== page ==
Friday, January 06, 2017

Voter Revolting (An Early Reminiscence)

One of my first jobs out of college was a short-lived gig with an operation called Voter Revolt. This must have been in late 1989 or 1990.

Our target was the ridiculously corrupt auto insurance industry in California. 

It was a grass roots movement of which I would have surely remembered more had I not quit after a week.

A quick web search returns results from Wikipedia which refreshes my memory and gives this anecdote some context:

In 1987, Harvey Rosenfield began to write a ballot box proposal and formed a campaign to sponsor it called Voter Revolt. The proposal turned into insurance reform Proposition 103 and promised voters a minimum 20% rollback in rates for property, auto and other kinds of insurance. It also required insurance companies to follow the state's consumer protection and civil rights laws. Voter Revolt operated on a $2.9 million budget, a fraction of the insurance industry's $63 million lobbying and advertising effort. The insurance industry, fearing they would not be able to defeat Proposition 103, launched three competing initiative measures in an attempt to confuse voters.
To bring attention to his cause, Rosenfield used grassroots publicity stunts like having guards accompany him while he delivered the signatures that put Proposition 103 on the ballot. As well, he attempted to deliver truckloads of cow manure to the headquarters Farmers Insurance of Los Angeles. Rosenfield often referred to insurance companies as "outlaws" during the campaign. These stunts, many 18-hour days, canvassers knocking on 1 million doors, and the high profile endorsement of his mentor, Ralph Nader, helped Voter Revolt pass the initiative in November 1988. The win was seen as a huge blow to the insurance industry. After Proposition 103 passed, Rosenfield told the Wall Street Journal that he gotten inquiries from public interest groups "in at least 30 other states expressing interest in launching Proposition 103-style initiatives."
Since then, Rosenfield, and his colleagues at Consumer Watchdog defended Proposition 103 from insurance industry attacks and ensured the proposition's implementation. In 2008, the Consumer Federation for America estimated that Proposition 103 had saved consumers over $63 billion since 1988.[2][3] That organization updated its estimate in 2013, concluding that Proposition 103 had saved California motorists over $100 billion, an average annual savings of $345 per household, $8,625 per family. Using insurance industry data, CFA found that "between 1989 and 2010, auto insurance premiums actually dropped by 0.3%, while they rose 43.3% nationally during that period. California was the only state in the nation where prices dropped over the 22 year period."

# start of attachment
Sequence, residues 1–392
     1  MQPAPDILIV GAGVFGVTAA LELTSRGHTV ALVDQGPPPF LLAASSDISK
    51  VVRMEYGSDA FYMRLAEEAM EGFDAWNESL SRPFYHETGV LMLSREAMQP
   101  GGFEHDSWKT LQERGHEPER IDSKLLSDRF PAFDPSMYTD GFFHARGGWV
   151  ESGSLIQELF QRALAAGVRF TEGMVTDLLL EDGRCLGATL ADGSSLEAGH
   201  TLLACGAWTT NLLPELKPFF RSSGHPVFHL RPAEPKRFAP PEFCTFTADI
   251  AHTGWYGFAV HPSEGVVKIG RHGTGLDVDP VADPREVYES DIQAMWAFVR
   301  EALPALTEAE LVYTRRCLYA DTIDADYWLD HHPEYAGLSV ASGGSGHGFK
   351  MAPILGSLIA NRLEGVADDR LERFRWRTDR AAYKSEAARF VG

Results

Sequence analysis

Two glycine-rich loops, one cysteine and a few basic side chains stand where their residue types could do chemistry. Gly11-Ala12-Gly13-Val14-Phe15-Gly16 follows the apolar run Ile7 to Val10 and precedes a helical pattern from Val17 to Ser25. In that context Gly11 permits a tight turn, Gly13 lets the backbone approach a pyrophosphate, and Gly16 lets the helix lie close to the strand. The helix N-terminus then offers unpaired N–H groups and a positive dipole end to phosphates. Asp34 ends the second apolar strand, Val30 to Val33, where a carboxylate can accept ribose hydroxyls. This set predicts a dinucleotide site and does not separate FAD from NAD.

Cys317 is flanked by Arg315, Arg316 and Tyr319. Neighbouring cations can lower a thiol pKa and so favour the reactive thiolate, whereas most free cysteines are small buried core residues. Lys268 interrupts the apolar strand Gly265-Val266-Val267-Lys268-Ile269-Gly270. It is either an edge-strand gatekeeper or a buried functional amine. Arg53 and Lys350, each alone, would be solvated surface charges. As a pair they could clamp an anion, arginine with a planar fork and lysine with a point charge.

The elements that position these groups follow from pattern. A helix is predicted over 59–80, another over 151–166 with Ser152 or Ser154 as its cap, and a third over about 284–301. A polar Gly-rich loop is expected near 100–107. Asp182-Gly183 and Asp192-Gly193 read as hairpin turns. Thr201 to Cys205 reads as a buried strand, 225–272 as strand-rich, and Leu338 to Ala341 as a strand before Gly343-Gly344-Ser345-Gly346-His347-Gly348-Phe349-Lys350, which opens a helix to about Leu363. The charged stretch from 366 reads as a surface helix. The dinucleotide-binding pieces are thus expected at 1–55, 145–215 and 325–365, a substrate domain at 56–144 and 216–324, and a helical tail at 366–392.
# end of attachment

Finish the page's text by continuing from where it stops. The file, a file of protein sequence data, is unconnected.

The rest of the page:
Rosenfield opposed Proposition 17, a $16 million attempt by Mercury Insurance Group to repeal a key provision of Proposition 103 in 2010; it was defeated. The company spent another $17 million on a very similar initiative in 2012; it too was defeated. In 2012, an initiative to control health insurance costs similarly to Prop 103 received over 800,000 signatures and earned a place on the 2014 ballot."
A big part of the fundraising effort was canvassing door to door.

I recall the one night I went out with the lead canvasser. It was a chilly southern California evening. It was dark early and the tension was palpable. We were anxious because we were in a community far to the east of Pasadena-Arcadia-Monrovia, I believe it was Glendora. The consensus at the time was that the area tended to be more conservative and the going would be rough. We were soliciting contributions to the campaign.

Knocking on doors and ringing doorbells in an unfamiliar area is stressful enough. But no one likes people disturbing them at home asking for money.  I don't recall either of us succeeding and the guy I was with was a seasoned canvasser. 

Despite the lack of success, I remember him being optimistic. "When you get a contribution, it's a great feeling," I recall him telling me. He added a quip that still brings a smile to my face: "And when you get a big contribution [pause for effect], I call it a doorgasm."

I quit the next day.

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